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Posts Tagged ‘bookbinder of the month’

  1. Bonus // Bookbinder of the Month: Karen Hanmer

    December 29, 2013 by Erin Fletcher

    OverTheEdge-KarenHanmerIt was so hard to narrow down just 5 pieces from Karen Hanmer’s portfolio to feature during the month of December. So I present this bonus post, which includes 2 additional bindings, to wrap up both Karen’s feature and the interview segment for 2013.

    Over the Edge: Death in Grand Canyon (by Thomas M. Myers and Michael P. Ghiglieri) may be the reason why I first began to admire Karen Hanmer’s work and how I fell in love with the lacunose technique. This French-style fine binding is covered in full goatskin and features two large goatskin lacunose onlays. The tumbling figures are tooled in gold using custom brass tools, both on the covers, spine and edge-to-edge doublures, which have left a mirrored impression on the suede flyleaves (which you can see here). 


    After visiting with Karen in her home bindery, I attended the One Book, Many Interpretations exhibit at the Chicago Public Library in 2011. I had just been treated to handling some of Karen’s earlier works, that I was so awed by her recent fine binding of The Right Stuff by Tom Wolfe. Karen employs so many techniques on this binding, but every part is flawlessly executed into a harmonious composition.

    Bound as a French-style fine binding in full goatskin with back-pared and cushioned onlays; some laser-printed. Sprinkled gold leaf creates a cosmic stream across the boards. The edges are decorated with graphite and sprinkled with gold leaf.

    These two bindings are amongst my favorites within your portfolio. The techniques you employed made for quite striking designs. Can you discuss the lacunose technique and using laser-printed onlays?
    I don’t draw, paint, airbrush, or do any kind of traditional printmaking, so to get imagery into my designs, I use the computer, or in the case of lacunose, brute force.


    I saw Paul Delrue present the lacunose technique at the Guild of Book Workers meeting in 2005. Thin bits of leather are adhered to a substrate or directly to the book, sanded, a PVA wash is applied and dried, and the leather is sanded again. More bits of leather can be applied, tooling can add additional texture, and color can be added to the wash to alter the tone. This process is repeated numerous times with finer and finer sandpaper, then finished with beeswax on a cloth.


    Laser-printing on leather is a technique I learned from Peter Verheyen. Pare leather to onlay thickness, paste it to tissue, dry flat. Print the desired image first onto paper so you can properly position the leather. Place the leather over the image just printed on the paper, and tape down the leading edge. Make a second laser print, this time on the leather. After the print is cool, fix the image with a protective coating. I use Cellugel. Krylon spray will also work, and SC6000 or Renaissance wax will probably work also, but be careful not to rub the toner off the surface as you rub on the protective coating. Then remove the leather from the copier paper and proceed to use the printed leather as an onlay or inlay.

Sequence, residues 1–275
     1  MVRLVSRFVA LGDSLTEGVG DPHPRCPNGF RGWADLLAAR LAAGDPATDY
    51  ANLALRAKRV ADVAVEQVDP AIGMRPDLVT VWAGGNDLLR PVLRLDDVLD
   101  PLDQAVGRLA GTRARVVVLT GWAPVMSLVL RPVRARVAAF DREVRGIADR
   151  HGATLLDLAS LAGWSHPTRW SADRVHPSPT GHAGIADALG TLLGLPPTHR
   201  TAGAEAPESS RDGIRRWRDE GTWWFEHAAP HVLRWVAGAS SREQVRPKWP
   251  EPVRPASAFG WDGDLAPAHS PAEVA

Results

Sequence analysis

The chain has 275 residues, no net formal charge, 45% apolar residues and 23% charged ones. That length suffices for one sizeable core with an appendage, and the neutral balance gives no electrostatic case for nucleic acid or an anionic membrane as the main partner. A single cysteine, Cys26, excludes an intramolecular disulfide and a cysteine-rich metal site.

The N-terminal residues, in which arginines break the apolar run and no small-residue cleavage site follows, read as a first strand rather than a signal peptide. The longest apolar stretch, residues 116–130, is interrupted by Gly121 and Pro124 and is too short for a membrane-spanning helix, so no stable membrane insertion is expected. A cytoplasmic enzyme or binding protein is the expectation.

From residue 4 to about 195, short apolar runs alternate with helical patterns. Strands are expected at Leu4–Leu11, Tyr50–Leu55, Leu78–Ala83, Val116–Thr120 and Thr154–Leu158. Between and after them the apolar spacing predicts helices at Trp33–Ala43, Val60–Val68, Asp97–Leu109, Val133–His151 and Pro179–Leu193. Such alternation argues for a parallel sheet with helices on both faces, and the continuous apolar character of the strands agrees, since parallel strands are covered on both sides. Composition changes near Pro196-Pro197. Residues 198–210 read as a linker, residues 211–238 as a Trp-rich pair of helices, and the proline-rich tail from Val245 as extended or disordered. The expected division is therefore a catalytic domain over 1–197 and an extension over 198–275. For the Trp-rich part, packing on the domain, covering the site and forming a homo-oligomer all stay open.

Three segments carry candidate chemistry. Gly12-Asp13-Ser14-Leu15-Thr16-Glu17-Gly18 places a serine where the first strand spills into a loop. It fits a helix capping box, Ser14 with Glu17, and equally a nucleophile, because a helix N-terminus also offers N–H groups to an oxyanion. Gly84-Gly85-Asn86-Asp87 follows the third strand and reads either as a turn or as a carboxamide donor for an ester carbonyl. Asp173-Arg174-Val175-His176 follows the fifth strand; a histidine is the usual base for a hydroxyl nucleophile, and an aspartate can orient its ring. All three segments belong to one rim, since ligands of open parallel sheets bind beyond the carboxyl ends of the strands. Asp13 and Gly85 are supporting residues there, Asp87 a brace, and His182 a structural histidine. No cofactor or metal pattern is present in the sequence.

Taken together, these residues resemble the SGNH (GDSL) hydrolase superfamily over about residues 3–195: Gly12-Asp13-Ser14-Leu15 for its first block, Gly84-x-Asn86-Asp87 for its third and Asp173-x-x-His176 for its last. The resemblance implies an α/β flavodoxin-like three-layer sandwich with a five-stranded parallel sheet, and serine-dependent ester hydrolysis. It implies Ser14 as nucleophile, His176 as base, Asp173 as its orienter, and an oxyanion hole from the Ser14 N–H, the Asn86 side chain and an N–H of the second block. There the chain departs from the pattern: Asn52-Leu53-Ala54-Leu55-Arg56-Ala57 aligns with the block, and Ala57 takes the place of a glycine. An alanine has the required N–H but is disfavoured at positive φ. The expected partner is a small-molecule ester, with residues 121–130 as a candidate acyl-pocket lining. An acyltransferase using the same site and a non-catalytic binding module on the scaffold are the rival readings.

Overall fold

– – – – – – – – – –

    I want to thank Karen again for such a wonderful and thoughtful interview!

  2. Bookbinder of the Month: Karen Hanmer

    December 29, 2013 by Erin Fletcher

    LaCouleurDuVent-KarenHanmerLa Couleur du Vent is an exhibition featuring 50 bindings interpreting text of the same title. I previously posted about this exhibition in Sonya Sheat’s interview this past June. ARA-Canada in partnership with the École Estienne in Paris, organized an international exhibition of bookbinding to be held in both Paris and Canada during 2013 and 2014. I found Karen Hanmer’s design for the text to be quite striking and unusual from her other fine bindings. The overall design is simplistic, but the arrangement of fine, short lines creates a beautiful texture against the grain of the vibrant yellow leather. 

    Bound in full goatskin as a traditional French-style fine binding, Karen’s copy of La Couleur du Vent was sewn on flattened cords and the boards are laced-on. The red teardrop is a back-pared onlay, while the other teardrops are tooled using black, gold and red foils. The title is hand tooled using the same colored foils. 

    How did you come to participate in this exhibition? Are you a member of ARA Canada?
    Yes, I am a member of ARA Canada, and this is the third time I have exhibited with them. Their exhibitions travel in Canada and sometimes in France, and they still produce printed catalogs.

    Prior to a family vacation I posted on the Book_Arts-l asking for suggestions of things to see in Montreal. Cécile Côté invited us to visit her studio, and I was able to see the text block for this set book exhibit, which was designed, illustrated and printed by an intern under Cécile’s direction. [From the ARA-Canada website: This is a collection of poems by Gilles Vigneault, illustrated and designed by Nastassja Imiolek under the artistic direction of Cécile Côté.] I unable to find a translation of the text, so my design is based on the illustrations, borrowing often-used colors and the repeated teardrop shape and cross-hatching.

  3. Bookbinder of the Month: Karen Hanmer

    December 22, 2013 by Erin Fletcher


    A painting that hung above the sofa in the childhood home of Karen Hanmer became the inspiration and source material for Fragments of Capri. Taking an object that had become so engrained in the landscape of her surroundings, Karen reproduced the painting full size as several inkjet prints then proceeded to trim the painting down to postcard size pieces.


    Bound within the pages of this drum leaf structure the viewer is given a disjointed look at the painting. Although each spread creates an appealing and what appears to be finished painting, a sense of belonging quickly creeps into the narrative. Created in 2011, Fragments of Capri, is an unnumbered edition of 100. Each book is unique in the variation to covers and interior pages. The spine piece is vellum stamped with gold foil.

    Horizons… Capri is a similar edition where Karen continues to deconstruct and reformat this familiar painting, further fragmenting our memories of the past.  


    Bound in the drum leaf structure with a stamped vellum spine piece, Horizons… Capri was also created in 2011 in an unnumbered edition of 30. This artist book is currently on display as part of the Guild of Book Workers traveling exhibition: Horizon

    horizons3-karenhanmer horizons2-karenhanmer